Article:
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Discussion Starter · #1 ·
My ASD ds will be 4 in April and I am wondering if anyone can give me a comparison (SN or otherwise) on how much your children eat. Because my son would eat *all day long* if I let him. Everyone comments on the fact that he's a machine. He doesn't shovel it in like he's not tasting it, he's just wanting to eat all the time.<br><br>
I am familiar with the Leaky Gut syndrome, and how if the body is not properly digesting food, it will continue to eat in an attempt at nutrition (and for the opiad effect in the brain). But really, I honestly don't think that is our case for many reasons (which I could elaborate on if need be). But I also don't know if his food consumption is normal, since I grew up an only-child, and I don't have many friends with boys the same age.<br><br>
He is on the tall side, average weight. He had a school physical last August, and his ped (who's also an Autie parent) told me that she has locks on her cabinets, and that it's totally fine for me to limit his food. But she and I respectfully disagree on many things, and I'm not sure I'm comfortable with that.<br><br>
On an average day this is what he will ask to eat, assuming I do it:<br><br><b>Breakfast</b><br>
Flax waffle with (thawed) frozen fruit and honey on top.<br>
Side bowl of kefir<br>
Goat milk<br><br><b>Snack 1</b><br>
Raisins<br>
handful of some sort of cracker<br>
handful of dehydrated snap peas<br><br><b>Snack 2</b><br>
Apple slices<br><br><b>Lunch</b><br>
Turkey/cheese/tom sandwich with bbq<br>
mashed potatoes<br>
green/red/yellow pepper<br>
banana<br>
juice<br><br><b>Snack 3</b><br>
Graham cracker or honey on bread<br>
orange or other fruit slices<br><br><b>Snack 4</b><br>
Cereal with milk<br><br><b>Dinner</b><br>
Tacos (will eat at least 3)<br>
beans and rice<br>
guacamole and chips<br>
goat milk<br><br><br>
Now I am *very* grateful and blessed that he will eat a good mix of food, and I want to make it clear that I am not unaware that so many people would only wish for this problem <img alt="" class="inlineimg" src="http://www.mothering.com/discussions/images/smilies/redface.gif" style="border:0px solid;" title="Embarrassment">. But I am still unsure if this is normal, so as a mamabear is want to be, I am worried.<br><br>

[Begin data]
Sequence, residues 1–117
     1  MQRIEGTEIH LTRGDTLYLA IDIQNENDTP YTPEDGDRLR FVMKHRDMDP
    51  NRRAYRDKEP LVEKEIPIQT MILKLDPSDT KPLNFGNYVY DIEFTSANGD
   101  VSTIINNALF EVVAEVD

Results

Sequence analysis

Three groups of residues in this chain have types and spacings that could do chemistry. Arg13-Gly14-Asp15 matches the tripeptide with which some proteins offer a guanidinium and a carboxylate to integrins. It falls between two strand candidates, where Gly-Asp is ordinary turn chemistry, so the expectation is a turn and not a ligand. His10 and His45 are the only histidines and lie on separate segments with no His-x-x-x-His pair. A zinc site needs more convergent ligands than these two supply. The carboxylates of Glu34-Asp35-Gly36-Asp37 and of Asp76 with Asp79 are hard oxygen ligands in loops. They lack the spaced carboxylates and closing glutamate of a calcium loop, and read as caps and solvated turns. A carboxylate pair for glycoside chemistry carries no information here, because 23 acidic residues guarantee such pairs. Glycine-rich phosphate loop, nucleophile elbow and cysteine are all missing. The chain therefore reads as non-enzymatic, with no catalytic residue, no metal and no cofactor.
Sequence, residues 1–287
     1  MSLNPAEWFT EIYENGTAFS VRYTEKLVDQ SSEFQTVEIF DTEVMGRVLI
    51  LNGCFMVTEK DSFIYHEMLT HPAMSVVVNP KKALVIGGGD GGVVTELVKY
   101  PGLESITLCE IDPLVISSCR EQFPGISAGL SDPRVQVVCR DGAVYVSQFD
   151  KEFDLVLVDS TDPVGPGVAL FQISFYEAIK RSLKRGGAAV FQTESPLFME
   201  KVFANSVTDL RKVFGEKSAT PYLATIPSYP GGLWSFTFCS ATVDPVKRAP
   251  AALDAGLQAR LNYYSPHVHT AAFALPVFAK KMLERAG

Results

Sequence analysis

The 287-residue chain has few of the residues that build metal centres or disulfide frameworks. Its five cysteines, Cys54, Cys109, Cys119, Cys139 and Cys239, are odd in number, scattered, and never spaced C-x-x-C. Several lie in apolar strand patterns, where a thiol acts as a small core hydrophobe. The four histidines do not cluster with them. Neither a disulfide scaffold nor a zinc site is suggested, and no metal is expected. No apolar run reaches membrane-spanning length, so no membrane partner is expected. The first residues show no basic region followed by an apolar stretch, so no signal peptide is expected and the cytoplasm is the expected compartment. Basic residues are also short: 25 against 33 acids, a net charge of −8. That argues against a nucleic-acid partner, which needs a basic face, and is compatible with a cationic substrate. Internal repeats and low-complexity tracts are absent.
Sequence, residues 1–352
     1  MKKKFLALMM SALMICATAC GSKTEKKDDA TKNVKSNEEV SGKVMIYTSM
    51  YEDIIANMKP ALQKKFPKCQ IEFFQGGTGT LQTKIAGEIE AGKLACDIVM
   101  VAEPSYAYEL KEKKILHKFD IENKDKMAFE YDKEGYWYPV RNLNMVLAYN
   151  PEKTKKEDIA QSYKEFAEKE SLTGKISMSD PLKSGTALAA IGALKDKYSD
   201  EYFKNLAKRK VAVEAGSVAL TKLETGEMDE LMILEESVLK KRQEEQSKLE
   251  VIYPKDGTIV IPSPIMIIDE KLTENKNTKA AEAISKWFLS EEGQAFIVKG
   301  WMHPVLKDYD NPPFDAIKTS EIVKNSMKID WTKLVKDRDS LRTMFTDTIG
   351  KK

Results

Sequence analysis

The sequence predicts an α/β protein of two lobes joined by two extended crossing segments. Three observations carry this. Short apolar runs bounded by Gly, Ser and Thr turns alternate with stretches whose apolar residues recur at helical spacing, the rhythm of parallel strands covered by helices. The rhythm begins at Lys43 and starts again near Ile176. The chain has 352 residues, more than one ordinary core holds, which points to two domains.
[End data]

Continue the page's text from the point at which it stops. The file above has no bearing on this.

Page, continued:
Does anyone have any ideas? Is this just normal for an active child? If so, why do none of my friends have kids like this?<br><br>
TIA for your thoughts!<br><br>
-Jen
 

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Yes, your child CAN eat too much. I would start phasing out snacks and re-timing them so he has 1 snack between meals instead of two. Time this so it falls at the midpoint between the meals. His meals look to be substantial. If his tummy is used to taking in tons of food, his tummy will think it constantly needs tons of food. I would allow at least a week for each change. Like, start tomorrow and eliminate a morning snack while changing the time of the remaining snack. Keep it like this til the following Monday. If he's asking for food it's ok to say no! I would say "it's not snack time/meal time yet, but it will be in X amount of time or at X o'clock".<br><br>
Also, I'm not sure what his portions are but make sure you keep an eye on his portions. Don't let him be a bottomless pit at mealtimes because he's still asking for food. Kids don't need huge amounts of food. The food he eats sounds like it is very healthy and it sounds like he is getting the nutrients he needs!<br><br>
Start small and tell him what the new changes will be before they start so it won't be a sneak attack. Stay steady. It's for his benefit in the long run.<br><br>
***BTW this advice comes from someone who has always been a bottomless pit and for reasons I cannot figure out to this day. I certainly ate very healthy food as a child. My life has been a constant battle with food and hunger. Get this under control now before obesity becomes an issue and while you're still in charge of his intake. I feel I am aligned with your son, we are very much the same in our eating habits. Explain to him that our bodies need various nutrients and what they do, and explain that we should eat food to fuel our bodies like putting gas in a car. We only need certain amounts to give our body what it needs. Explain how you eat the food you do because it is healthy and explain the nutritional benefits of each food. He's listening!<br><br>
Best of luck. <img alt="" class="inlineimg" src="http://www.mothering.com/discussions/images/smilies/smile.gif" style="border:0px solid;" title="smile">
 

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Discussion Starter · #3 ·
Thanks for the input, fishface. I'm really thinking hard about not only what's best now but as he gets older. I would be surprised if obesity were ever an issue, but that could be denial talking. All the men in both sides are pretty long and lean, and I'm hoping to instill good eating choices now.<br><br><img alt="" class="inlineimg" src="http://www.mothering.com/discussions/images/smilies/shrug.gif" style="border:0px solid;" title="shrug"> Aside from your experience, do you or anyone else have any clues to whether it could be a chemical imbalance that doesn't signal his brain that he's full? He's never vomited or acted lethargic afterwards. He just eats and eats and eats.
 

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Here is a good toddler <a href="http://www.kidsnutrition.org/bodycomp/energy/energyneeds_calculator.htm" target="_blank">calorie/intake</a> calculator. I would calculate his likely caloric need and then estimate his intake over a few days and average it. Without doing that myself, it really doesn't seem like he's overeating at any one of his meals/snacks. How much liquid is he drinking over the course of the day? We have a terrible time getting my oldest to drink enough fluids during the day and she will often tell me she is hungry when I'm guessing she is likely thirsty.<br><br>
My youngest has been dx'd with the generic sounding "feeding difficulty" as she has no interest in food or normal hunger cues. As best as her GI can tell us, they think it does have an origin in the brain's hunger/satiety center. So it certainly could be something brain-based for your son whether it's the seritonin release he gets from the frequent eating/stomach stretching or something else.